Putin’s KGB: The Coupling of the FSB and SVR

Vladimir Putin shares the same goal that his predecessors did before him: a world dominated by Russian influence. In order to achieve this goal, there needs to be several institutions in play which allow for the expedited movement towards global influence. One institution crucial to this mission is the intelligence community working both within and outside of Russia. Putin himself, being a former KGB officer and then the director of the FSB after the fall of the Soviet Union is fixated on developing an intelligence agency massive enough to project Russian influence all around the world. Unconfirmed reports from local Russian newspapers show that the government in on the edge of amassing its intelligence power into a single agency. The steps being taken by the government of Russia are detrimental to the western world.

The Russian intelligence community has had a long-standing tradition of working in ways which come off more as meddling than intelligence gathering, affecting the citizens of sovereign nations all around the world and even affecting those residing within Russia’s borders. In order to fully grasp why Putin feels the need to develop a massive intelligence community one needs to understand how the KGB came to be and operated prior to the collapse of the Soviet Union. The KGB traces their own lineage back to 1880, with the establishment of the Department of State Police, the Okhrana, whose main mission was to infiltrate and destabilize radical groups within Russia which countered the countries tsarist narrative. (Meissner) The name, Komitet Gosudarstvennoy Bezopasnosti, which translates into the Committee for State Security and gives the widely used acronym KGB, would not actually be assigned to any organization until after the 1917 October Revolution and the creation of the Cheka, Russian secret police. (Strauss)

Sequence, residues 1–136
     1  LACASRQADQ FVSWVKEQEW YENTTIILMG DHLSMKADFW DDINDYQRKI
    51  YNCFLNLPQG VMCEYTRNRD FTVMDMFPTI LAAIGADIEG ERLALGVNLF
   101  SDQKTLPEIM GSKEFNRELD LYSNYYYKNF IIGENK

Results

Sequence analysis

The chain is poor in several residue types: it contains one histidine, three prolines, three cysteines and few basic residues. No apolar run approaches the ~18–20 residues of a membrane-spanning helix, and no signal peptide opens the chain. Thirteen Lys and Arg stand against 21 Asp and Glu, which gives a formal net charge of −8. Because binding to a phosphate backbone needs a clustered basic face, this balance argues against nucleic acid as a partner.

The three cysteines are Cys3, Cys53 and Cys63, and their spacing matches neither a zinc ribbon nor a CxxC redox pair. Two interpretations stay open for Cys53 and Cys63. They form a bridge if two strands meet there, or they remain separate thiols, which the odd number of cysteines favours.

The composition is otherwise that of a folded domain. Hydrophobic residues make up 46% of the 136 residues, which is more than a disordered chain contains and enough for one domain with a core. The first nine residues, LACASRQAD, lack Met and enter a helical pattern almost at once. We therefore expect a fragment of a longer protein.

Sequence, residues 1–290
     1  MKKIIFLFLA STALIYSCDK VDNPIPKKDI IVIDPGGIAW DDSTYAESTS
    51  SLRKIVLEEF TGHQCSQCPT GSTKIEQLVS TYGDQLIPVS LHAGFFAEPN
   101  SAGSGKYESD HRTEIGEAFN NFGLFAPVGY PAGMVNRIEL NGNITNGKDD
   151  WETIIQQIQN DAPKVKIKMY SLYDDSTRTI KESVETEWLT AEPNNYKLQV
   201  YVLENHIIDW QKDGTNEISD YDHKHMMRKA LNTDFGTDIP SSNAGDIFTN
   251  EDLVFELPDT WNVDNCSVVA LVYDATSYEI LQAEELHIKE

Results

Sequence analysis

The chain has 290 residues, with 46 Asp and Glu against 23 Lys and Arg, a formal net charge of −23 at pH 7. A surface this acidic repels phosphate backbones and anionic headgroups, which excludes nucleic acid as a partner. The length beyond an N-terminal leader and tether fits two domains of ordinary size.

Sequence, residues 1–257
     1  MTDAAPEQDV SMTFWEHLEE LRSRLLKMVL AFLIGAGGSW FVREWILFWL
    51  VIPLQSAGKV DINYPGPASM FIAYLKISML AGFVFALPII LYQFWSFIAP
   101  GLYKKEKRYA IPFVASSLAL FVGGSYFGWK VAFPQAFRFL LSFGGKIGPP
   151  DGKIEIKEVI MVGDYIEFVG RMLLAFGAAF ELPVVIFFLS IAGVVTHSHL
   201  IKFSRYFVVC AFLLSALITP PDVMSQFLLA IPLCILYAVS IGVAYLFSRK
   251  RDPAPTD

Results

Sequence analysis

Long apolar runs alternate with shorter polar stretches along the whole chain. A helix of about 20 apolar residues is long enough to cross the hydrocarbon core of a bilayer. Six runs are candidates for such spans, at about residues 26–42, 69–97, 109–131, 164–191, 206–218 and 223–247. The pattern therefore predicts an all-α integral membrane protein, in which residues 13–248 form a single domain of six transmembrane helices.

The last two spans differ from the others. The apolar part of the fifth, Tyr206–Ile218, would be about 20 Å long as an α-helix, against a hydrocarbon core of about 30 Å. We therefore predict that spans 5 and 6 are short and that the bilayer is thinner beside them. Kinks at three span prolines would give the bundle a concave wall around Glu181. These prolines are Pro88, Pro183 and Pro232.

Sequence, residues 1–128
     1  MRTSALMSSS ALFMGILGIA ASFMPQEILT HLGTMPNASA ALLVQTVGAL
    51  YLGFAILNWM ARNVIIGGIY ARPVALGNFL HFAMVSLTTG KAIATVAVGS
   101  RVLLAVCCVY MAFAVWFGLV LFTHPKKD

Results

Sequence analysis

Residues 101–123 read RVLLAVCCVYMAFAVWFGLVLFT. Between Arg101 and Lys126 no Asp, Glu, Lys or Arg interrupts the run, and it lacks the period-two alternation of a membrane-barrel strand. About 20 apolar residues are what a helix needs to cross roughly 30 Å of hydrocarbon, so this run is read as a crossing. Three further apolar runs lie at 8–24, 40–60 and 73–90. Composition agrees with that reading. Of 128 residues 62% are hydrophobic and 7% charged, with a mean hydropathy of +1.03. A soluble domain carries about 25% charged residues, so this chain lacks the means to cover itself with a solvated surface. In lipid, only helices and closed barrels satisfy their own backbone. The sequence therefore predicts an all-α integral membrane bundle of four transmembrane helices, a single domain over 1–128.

The KGB found itself at odds with doing actual intelligence work, habitually stifled by western institutions during the Cold War, but was effective in policing their homeland and countering anti-communist revolution in Russia satellite nations. (Strauss) Most international efforts were made to counter the United States, in both areas of foreign interest and on U.S. soil as portrayed in the hit television series The Americans. The work done by the KGB to counter its own citizens garnered a negative outlook by many citizens, inadvertently destabilizing support for the communist party by playing a watchdog role. (Pringle) As the USSR fell, so did the KGB with it, being afflicted by the same levels of corruption and internal dissent seen in Russia’s other governmental organizations. After the fall of the USSR and the establishment of the Russian Federation, the FSB and SVR, domestic and international intelligence agencies respectively, were created to fill the void. (Strauss) Putin has increased both the budgets as well as the operating spheres of these two organizations which begs the question: Has the KGB been dissolved, or has it just changed masks?